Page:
A woman died today.

She was not a perfect woman. The country she ruled was not a perfect country. Both she and the country made mistakes. She was only human, after all, and her country was only one piece of an imperfect world.

But that should be enough to give her the respect and dignity she deserves, in life and in death.

It’s only been hours since the passing of Queen Elizabeth II, and yet, my social media is filled with commentary about England’s colonization efforts, their victimization of other cultures, their theft of artifacts, and the assertion that, because of this, Queen Elizabeth does not deserve to be mourned. “We have no obligation to mourn the oppressors,” read one post, and there were others, and there will be more.

My heart is breaking. Yes, for Queen Elizabeth, dear, dear Queen Elizabeth. I grieve for her family, who have lost a mother, grandmother, great-grandmother first, and a monarch second. I grieve for those who knew her as a person and not as a crown. For those friends that knew her in a way that only friends can. I grieve for a country who has lost its leader, and a Commonwealth, its figurehead and symbol of togetherness.

But I grieve for the people who are mocked and ridiculed and looked down on for mourning her, too.

My heart is breaking, seeing people’s anger and bitterness come out only after she has passed.; do they think they are brave for speaking up now that she is dead? I cannot understand how people can blame one woman for the mistakes of one country which she did not commit herself but were passed down to her from generations before. Why are people unable to give others the space to mourn a beloved woman and leader, simply because they disagree with her views or beliefs?

Is there no reverence for the dead anymore?

I am not asking you to agree with Queen Elizabeth, England, with each event of her 70-year reign or with those that came before her.

But I am asking you, imploring you, to give others—friends, family, governments, countries—the space and the time and the respect to mourn their loss, heal their hearts the best they can, and figure out a new way forward.

We are only human after all.

Queen Elizabeth has touched my life in a way I can’t articulate yet. And I should not have to justify or defend my broken heart, my sadness and my deep sense of loss, at what has happened today. No one should.

A woman died today.

And more than a country, a monarchy and political entanglements, Queen Elizabeth was a woman, a human and a person of infinite value. If nothing else, let us mourn for that, and give her the least that one human ought to do for another.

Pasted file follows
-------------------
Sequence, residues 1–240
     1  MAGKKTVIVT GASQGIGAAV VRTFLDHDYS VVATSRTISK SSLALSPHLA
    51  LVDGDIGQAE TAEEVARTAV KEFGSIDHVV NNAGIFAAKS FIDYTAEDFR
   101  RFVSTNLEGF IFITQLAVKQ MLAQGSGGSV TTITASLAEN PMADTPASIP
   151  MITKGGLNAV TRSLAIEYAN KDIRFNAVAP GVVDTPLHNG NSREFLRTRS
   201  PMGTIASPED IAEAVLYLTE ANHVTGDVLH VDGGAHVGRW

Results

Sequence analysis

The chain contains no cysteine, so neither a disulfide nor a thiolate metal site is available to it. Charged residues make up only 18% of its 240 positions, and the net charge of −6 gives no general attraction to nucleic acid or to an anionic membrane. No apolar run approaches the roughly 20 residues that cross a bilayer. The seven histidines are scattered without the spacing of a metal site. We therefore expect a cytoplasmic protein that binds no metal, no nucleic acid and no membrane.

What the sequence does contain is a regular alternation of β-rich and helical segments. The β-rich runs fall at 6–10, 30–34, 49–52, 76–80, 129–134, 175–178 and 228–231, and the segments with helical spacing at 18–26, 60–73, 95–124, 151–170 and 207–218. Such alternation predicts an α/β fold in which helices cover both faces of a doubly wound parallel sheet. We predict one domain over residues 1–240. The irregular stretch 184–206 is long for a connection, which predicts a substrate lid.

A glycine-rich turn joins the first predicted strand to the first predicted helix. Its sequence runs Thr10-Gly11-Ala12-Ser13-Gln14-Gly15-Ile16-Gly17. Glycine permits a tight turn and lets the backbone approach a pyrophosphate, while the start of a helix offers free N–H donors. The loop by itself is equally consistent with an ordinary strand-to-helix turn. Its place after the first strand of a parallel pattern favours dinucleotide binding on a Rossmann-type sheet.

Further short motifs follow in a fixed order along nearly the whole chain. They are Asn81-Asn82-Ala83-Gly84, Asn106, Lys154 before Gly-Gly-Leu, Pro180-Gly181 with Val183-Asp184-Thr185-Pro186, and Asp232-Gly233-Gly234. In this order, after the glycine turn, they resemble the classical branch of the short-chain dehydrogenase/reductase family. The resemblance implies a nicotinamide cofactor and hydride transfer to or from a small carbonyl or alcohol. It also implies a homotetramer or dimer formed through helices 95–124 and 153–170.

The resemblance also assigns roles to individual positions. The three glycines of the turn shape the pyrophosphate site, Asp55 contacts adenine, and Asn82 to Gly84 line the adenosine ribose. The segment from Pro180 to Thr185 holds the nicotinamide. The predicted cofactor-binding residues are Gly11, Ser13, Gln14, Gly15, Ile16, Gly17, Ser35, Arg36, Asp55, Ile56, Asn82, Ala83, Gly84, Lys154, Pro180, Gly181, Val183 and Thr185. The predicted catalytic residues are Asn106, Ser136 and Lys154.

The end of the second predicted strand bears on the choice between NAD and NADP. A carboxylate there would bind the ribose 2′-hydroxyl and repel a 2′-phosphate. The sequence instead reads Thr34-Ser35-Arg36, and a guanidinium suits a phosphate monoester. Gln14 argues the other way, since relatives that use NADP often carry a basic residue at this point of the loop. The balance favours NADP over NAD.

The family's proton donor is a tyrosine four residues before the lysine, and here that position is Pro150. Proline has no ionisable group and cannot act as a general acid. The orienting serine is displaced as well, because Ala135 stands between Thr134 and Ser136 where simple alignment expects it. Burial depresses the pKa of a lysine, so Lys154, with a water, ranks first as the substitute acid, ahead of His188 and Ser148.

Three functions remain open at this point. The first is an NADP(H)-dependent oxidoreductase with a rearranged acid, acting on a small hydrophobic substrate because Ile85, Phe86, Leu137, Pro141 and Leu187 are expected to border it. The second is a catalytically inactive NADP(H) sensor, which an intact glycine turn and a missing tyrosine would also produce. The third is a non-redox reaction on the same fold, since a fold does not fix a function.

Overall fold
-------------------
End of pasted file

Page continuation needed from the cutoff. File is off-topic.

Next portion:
Long live the monarchy!


  1. Hi Rhianna,
    I was surprised at how sad I was when the radio interview I was listening to suddenly ended mid-sentence and some cello music played and then the announcement came and I burst into tears. I’m also surprised that you would be seeing all those negative comments! No matter what people think of the institution of royalty, Queen Elizabeth led a life of service all these years (my lifetime), and can’t be personally faulted for that. She was always gracious and giving and beloved by everyone who knew her and most of the world! I saw her in person in Duncan, BC, in 1971 I think it was, and I’ll never forget it. From all accounts she was also very smart and gave advice when asked to many world leaders. She will be greatly missed.
    I don’t feel quite the same about the new king but I do follow his children with interest, as they grapple with the royal life and job. I wouldn’t want it. Some of the other royalty, such as Princess Anne, who is apparently one of the hardest working royalty, and Sophia, do their jobs well quietly in the background, making appearances etc. Princess Anne was with the queen, supporting her on the few engagements she was able to attend in her later years. I do think there is something to be said for tradition and history, and hopefully something to be learned. But right now is not the time to debate that. A wonderful woman has died and it is the end of an era and I’m sad too.

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